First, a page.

6. The combination comprising a projector for holding a sheet of material carrying an image and projecting said image along essentially a predetermined axis, and a screen onto which said image is projected and which is inclined at an oblique angle relative to said axis, said projector including first and second optical lens structures each of positive focal length and each having a primary focal plane and a secondary focal plane, the secondary focal plane of said first lens structure coinciding approximately with the primary focal plane of said second lens structure, and means for holding said sheet of material carrying said image at a location within the primary focal length of said first lens structure and from which said lens assembly will project said image onto said screen and in a position of inclination with respect to at least one of said lens structures to compensate for the distortion which would otherwise occur as a result of the inclination of the screen.

7. The combination comprising a projector for holding a sheet of material carrying an image and projecting said image along essentially a predetermined axis, and a screen onto which said image is projected and which is inclined at an oblique angle relative to said axis, said projector including first and second optical lens structures each of positive focal length and each having a primary focal plane and a secondary focal plane, the secondary focal plane of said first lens structure coinciding approximately with the primary focal plane of said second lens structure, means for holding said sheet of material carrying said image at a location within the primary focal length of said first lens structure and from which said lens assembly will project said image onto said screen and in a position of inclination with respect to at least one of said lens structures to compensate for the distortion which would otherwise occur as a result of the inclination of the screen, and means for illuminating said sheet of material.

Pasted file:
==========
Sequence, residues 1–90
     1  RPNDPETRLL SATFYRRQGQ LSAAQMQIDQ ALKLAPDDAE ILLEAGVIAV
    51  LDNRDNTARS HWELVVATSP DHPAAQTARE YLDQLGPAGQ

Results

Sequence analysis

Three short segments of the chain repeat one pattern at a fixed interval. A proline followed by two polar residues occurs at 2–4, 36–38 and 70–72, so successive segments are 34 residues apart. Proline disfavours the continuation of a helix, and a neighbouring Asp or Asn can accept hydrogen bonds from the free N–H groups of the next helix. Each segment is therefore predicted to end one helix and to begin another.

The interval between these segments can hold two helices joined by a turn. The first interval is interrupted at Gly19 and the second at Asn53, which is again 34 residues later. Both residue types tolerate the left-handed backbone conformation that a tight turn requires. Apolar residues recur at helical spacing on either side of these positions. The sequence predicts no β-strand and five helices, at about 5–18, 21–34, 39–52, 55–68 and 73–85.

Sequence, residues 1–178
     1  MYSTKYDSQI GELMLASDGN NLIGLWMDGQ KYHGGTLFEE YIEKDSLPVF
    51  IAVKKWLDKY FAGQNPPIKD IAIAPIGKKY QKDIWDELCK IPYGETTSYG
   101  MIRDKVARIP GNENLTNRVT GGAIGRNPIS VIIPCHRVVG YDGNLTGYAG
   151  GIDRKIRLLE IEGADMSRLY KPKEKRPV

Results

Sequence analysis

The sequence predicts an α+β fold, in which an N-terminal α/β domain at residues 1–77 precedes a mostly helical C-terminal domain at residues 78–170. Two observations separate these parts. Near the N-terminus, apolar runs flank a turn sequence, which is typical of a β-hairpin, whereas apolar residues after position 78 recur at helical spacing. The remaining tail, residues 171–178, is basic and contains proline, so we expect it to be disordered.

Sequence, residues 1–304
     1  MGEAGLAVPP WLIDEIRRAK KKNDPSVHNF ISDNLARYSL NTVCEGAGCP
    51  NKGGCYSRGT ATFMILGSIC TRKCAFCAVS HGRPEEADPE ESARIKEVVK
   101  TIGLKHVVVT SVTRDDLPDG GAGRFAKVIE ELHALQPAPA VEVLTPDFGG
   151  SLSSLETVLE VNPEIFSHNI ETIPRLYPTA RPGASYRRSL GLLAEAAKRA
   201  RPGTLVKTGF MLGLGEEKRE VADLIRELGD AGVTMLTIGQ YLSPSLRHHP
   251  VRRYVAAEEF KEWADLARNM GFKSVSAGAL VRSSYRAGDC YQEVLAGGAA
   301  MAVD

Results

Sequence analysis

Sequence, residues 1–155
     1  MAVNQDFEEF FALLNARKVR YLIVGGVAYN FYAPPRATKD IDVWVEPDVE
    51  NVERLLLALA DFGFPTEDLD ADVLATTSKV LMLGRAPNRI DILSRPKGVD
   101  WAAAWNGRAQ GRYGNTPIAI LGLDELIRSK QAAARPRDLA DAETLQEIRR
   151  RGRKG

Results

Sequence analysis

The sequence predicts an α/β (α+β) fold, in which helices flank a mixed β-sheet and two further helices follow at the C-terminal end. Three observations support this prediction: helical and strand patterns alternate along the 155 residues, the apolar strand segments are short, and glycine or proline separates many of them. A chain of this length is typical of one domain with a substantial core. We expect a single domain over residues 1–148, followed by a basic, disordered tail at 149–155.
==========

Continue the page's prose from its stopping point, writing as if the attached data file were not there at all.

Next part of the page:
References Cited by the Examiner UNITED STATES PATENTS 751,347 2/04 Scheimpflug 88-24 1,291,274 1/ 19 Uebelmesser 88-24 1,651,574 12/27 Beechlyn 352- 2,552,238 5/51 Turner 88-57 3,022,706 2/62 Kargl 88-24 FOREIGN PATENTS 86,807 7/21 Austria.

OTHER REFERENCES Jacobs, D. 1-1.: Theory of Stops, Fundamentals of Optical Engineering, McGraw-Hill, New York, 1943, page 49.

NORTON ANSI-1BR, Primary Examiner.

WILLIAM MISIEK, EVON C. BLUNK, Examiners.

Patent Citations
Cited PatentFiling datePublication dateApplicantTitle
US751347 *Mar 31, 1903Feb 2, 1904 -scheimpflug
US1291274 *Mar 11, 1915Jan 14, 1919Cru Patents CorpFocus-rectifier.
US1651574 *Apr 13, 1923Dec 6, 1927John T BeechlynOptical projection
US2552238 *Dec 9, 1948May 8, 1951Eastman Kodak CoProfile projector and optical comparator
US3022706 *Jun 18, 1958Feb 27, 1962Gilard KarglPortable photogrammetric rectifier
AT86807B * Title not available
Referenced by
Citing PatentFiling datePublication dateApplicantTitle
US3409346 *Apr 18, 1966Nov 5, 1968Stapsy IrvingAfocal projection lens attachment
US4002408 *Dec 10, 1971Jan 11, 1977Gakken Co. Ltd.System and device for overhead projection
US6431711 *Feb 8, 2001Aug 13, 2002International Business Machines CorporationMultiple-surface display projector with interactive input capability
Classifications
U.S. Classification353/70
International ClassificationG03B21/00
Cooperative ClassificationG03B21/00
European ClassificationG03B21/00